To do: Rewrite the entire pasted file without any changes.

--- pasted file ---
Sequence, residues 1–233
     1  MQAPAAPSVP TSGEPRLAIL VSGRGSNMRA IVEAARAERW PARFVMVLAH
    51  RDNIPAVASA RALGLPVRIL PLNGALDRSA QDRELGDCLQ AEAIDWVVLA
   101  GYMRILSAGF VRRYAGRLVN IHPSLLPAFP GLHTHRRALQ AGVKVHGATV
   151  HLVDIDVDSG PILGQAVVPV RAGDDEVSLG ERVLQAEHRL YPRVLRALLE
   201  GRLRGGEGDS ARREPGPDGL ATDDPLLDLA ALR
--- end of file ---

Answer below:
Sequence, residues 1–233
     1  MQAPAAPSVP TSGEPRLAIL VSGRGSNMRA IVEAARAERW PARFVMVLAH
    51  RDNIPAVASA RALGLPVRIL PLNGALDRSA QDRELGDCLQ AEAIDWVVLA
   101  GYMRILSAGF VRRYAGRLVN IHPSLLPAFP GLHTHRRALQ AGVKVHGATV
   151  HLVDIDVDSG PILGQAVVPV RAGDDEVSLG ERVLQAEHRL YPRVLRALLE
   201  GRLRGGEGDS ARREPGPDGL ATDDPLLDLA ALR